Friday, March 26, 2010

Wells Resident Steps Up to Assist Haiti Aid Mission

By Larry Favinger
Staff Columnist
A Wells man is home after delivering aid to the people of Haiti.
Kevin Garthwaite, 57, a 1971 graduate of Wells High School and a 1976 graduate of the Maine Maritime Academy, stepped up when a ship filled with donations from Maine people ran into red tape in Florida en route to the earthquake ravaged island.
The 220-foot MV Sea Hunter, owned by Greg Brooks of Sub Sea Research, was in limbo as no one on the crew had the license required by the United States Coast Guard to take the ship to Haiti.
Garthwaite, whose brothers Jerry and Peter also graduated from Wells and Maine Maritime and went to sea, was home when he read about the Sea Hunter’s problems in getting to its proposed destination.
“I was pretty sure I had the credentials that were required,” he said in a Tuesday interview.
Having been home only a month and a half after five-and-a half months away, he asked his wife, Marguerite, about joining the humanitarian effort.
“I said I think I can do something here and she said go for it,” he said.
So he went to Florida to look the operation over. After talking with Sea Hunter’s captain, Gary Esper, Brooks and the Coast Guard, he was “comfortable with the operation” and joined the effort. “That kind of freed the boat up,” he said.
It took just about three days to complete the trip and the ship dropped anchor at Miragoane, the only port that had the heavy equipment preferred for unloading the ship. The port is about 50 miles from Port au Prince where much of the damage occurred.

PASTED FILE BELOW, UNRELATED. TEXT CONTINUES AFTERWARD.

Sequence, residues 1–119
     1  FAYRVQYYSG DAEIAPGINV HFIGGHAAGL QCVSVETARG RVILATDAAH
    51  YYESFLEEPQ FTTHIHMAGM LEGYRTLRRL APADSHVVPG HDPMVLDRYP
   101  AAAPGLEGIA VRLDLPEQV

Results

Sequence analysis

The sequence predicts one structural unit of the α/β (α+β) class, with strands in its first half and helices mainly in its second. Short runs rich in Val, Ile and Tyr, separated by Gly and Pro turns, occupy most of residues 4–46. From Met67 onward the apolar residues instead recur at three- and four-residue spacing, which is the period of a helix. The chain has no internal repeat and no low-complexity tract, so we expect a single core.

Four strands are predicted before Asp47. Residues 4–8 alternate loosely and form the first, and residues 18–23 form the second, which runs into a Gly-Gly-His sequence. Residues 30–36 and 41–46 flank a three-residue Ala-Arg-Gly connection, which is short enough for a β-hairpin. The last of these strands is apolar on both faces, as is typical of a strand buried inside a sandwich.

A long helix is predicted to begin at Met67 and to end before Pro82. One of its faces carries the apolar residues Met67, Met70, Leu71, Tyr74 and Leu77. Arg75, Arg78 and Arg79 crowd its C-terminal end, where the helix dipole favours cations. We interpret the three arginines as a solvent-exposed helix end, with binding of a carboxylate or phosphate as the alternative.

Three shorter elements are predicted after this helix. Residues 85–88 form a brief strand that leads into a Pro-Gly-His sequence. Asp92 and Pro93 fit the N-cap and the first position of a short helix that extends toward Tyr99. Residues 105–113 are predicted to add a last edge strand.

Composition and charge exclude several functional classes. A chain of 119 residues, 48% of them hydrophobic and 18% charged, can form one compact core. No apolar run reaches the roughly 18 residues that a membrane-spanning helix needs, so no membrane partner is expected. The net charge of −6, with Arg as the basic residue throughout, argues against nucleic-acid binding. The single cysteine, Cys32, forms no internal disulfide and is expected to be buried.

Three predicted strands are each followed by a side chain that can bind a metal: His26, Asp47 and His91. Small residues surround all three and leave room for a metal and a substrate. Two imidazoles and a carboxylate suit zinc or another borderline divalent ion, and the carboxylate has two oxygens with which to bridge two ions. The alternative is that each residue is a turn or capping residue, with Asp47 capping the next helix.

Extended negotiations were then held with the local government officials concerning various aspects of the unloading process, he said, although he was not directly involved in those talks.
“We hung around there waiting to get into the dock,” Garthwaite said. “To call it red tape is an understatement.”
Unable to reach an agreement there, the Sea Hunter moved to Les Cayes and anchored about eight miles off the island and, again, waited for permission to go in.
Garthwaite said there was little damage in Les Cayes but refugees from the quake area were coming to that town, overloading the infrastructure capabilities.
Following another set of talks with the local government, the unloading of the ship began.
During the time there, Garthwaite said, a lot of canoes, outriggers, and other small boats came to the ship looking for the cargo. Due to the number of boats and the urgency to get supplies “it got out of hand a few times” but Haitian police and United Nations Security boats kept everything under control, Garthwaite said.
“It was extremely poor,” he said of the area. “It kind of shocked me.”
Garthwaite said he was on board because of Coast Guard regulations and not because of any problem with the captain. “I was there advising him,” he aid. “They didn’t have a lot of experience around cargo. I had a license and the Coast Guard required that.”
Garthwaite, who said he generally serves as second mate and navigation officer, has experience gained working on container ships and other cargo vessels.
He works mostly out of the Masters Mates and Pilots Union Halls in Long Beach and San Francisco, Calif.
Finally back from Haiti, he said he would probably return to sea sometime this summer.